Those who know me well, know that my favourite colour is purple. But the colour of this frog isn't enough to make me call it beautiful. Or even anything short of hideously ugly. This is one creature that truly deserves its place over at Endangered Ugly Things. The BBC recently said that it "looks more like a squat, grumpy blob than a living creature.”

It was discovered in 2003. It spends most of it's time underground, where it eats termites, and only comes to the surface for a few weeks during the monsoon season, to breed. It belongs to the first new frog family to be discovered since 1926, is thought to belong to an ancient lineage of frogs, placing it at #4 on the list of EDGE Amphibians.

Total population is unknown, though it's thought to be rare, as only 135 individuals have ever been observed. Confined to a few small pockets in India, its minimal habitat is threatened, as forests are cleared to make way for plantations of cardamom, coffee, ginger, and other spices.

You can help by learning more about the Purple Frog, or supporting EDGE in its mission of protecting unique and endangered species.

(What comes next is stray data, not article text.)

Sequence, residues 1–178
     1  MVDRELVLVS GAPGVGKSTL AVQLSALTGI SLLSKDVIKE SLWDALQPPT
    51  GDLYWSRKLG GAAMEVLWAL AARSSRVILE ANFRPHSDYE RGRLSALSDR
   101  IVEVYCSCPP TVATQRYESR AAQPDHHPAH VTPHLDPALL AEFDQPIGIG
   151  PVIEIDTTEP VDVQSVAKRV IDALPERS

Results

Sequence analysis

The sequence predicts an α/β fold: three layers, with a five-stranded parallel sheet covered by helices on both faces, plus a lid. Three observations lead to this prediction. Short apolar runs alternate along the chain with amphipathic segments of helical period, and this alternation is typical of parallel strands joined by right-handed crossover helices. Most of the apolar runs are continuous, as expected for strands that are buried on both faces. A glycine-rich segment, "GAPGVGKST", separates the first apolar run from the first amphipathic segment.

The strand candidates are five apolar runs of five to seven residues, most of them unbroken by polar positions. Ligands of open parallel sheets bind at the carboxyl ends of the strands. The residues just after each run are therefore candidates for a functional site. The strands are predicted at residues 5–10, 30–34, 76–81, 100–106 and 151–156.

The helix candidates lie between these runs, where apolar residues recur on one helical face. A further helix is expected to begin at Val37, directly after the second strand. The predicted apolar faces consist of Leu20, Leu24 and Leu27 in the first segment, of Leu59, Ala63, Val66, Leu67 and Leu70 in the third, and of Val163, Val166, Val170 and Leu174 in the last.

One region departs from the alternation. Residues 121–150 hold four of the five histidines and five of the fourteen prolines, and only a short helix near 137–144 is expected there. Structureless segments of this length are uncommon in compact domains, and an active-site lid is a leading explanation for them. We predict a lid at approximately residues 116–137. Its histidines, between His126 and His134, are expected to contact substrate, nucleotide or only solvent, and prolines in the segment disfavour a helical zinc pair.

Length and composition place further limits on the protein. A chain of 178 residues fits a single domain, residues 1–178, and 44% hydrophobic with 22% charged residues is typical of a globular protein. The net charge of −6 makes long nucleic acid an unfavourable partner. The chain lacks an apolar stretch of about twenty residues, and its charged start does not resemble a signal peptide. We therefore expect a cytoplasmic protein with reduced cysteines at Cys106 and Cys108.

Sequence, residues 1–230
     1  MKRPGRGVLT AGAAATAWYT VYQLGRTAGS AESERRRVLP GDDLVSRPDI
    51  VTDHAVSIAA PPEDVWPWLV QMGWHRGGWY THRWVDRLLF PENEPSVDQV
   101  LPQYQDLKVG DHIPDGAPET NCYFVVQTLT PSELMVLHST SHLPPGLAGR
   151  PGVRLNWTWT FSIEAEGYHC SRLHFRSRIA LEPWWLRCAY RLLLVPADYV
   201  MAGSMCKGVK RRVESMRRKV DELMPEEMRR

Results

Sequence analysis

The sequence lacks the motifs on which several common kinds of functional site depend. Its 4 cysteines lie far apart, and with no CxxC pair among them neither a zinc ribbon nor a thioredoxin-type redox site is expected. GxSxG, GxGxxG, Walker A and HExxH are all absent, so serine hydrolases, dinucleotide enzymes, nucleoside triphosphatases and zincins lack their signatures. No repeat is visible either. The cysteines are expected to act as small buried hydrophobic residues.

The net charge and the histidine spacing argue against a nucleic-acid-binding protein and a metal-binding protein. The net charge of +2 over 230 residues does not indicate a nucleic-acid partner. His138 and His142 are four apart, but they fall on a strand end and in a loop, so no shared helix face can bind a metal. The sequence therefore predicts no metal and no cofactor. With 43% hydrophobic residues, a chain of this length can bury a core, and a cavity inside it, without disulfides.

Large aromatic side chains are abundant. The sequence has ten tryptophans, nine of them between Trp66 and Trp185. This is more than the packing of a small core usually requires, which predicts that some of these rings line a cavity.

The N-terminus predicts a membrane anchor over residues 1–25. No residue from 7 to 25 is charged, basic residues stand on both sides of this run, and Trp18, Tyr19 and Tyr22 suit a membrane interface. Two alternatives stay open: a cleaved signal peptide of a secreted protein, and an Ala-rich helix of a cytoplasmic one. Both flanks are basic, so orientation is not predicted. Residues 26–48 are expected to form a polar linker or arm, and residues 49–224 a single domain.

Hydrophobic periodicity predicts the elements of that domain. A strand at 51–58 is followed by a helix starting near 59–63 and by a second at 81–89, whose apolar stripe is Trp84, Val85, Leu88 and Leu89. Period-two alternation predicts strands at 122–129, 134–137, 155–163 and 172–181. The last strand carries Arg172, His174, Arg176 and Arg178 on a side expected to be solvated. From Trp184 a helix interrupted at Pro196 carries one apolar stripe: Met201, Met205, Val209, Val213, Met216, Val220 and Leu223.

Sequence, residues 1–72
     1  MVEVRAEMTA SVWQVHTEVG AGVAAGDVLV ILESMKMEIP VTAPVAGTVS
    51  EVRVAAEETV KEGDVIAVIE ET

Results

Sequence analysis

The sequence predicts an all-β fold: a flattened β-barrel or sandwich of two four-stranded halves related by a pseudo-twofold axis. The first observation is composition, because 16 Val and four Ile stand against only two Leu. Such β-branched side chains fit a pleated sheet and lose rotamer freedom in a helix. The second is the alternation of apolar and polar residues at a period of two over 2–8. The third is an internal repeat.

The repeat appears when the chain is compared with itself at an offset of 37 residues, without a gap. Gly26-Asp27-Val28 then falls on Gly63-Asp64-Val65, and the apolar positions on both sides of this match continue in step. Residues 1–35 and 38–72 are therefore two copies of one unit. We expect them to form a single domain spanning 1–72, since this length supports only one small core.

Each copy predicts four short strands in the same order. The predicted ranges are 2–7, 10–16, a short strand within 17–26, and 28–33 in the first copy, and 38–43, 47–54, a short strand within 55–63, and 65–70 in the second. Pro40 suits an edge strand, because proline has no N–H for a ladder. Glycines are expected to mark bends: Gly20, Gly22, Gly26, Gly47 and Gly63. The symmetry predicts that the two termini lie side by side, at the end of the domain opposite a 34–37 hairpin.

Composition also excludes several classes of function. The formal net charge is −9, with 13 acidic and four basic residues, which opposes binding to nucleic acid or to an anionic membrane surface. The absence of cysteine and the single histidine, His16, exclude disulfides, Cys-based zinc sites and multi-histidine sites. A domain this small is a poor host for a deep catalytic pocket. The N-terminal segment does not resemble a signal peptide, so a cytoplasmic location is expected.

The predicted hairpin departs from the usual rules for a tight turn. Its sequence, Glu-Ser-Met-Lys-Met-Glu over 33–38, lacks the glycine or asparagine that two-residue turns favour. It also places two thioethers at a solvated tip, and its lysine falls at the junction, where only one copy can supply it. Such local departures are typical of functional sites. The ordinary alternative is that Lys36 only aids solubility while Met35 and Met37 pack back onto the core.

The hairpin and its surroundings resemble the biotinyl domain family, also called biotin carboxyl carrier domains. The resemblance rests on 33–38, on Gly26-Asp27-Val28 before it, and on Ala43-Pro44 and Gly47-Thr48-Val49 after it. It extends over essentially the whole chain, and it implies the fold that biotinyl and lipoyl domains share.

06 January 2009

Eggs, Eggs, Eggs

Kakapo (Strigops habroptila), Critically Endangered

According to Radio New Zealand, this year could be a lucky one. With a population of less than 100, the critically endangered Kakapo has been slowly increasing due to dedicated conservation efforts. This breeding season, the Kakapo Recovery Programme is hoping for forty chicks.

Previously on this blog, the importance of rimu fruit to Kakapo breeding was discussed, and it appears that a bumper crop may be in the works. Additionally, there are more fertile adult females, than there have been in years. If these factors come together, the Kakapo population could increase by nearly 50 percent. With so many chicks, some would be raised by their parents, instead of hand-reared by humans, as they sometimes are when chicks are rare.

The breeding season has started less than a month ago, with the first mating of the season occurring on Christmas night. Chicks are expected in late February.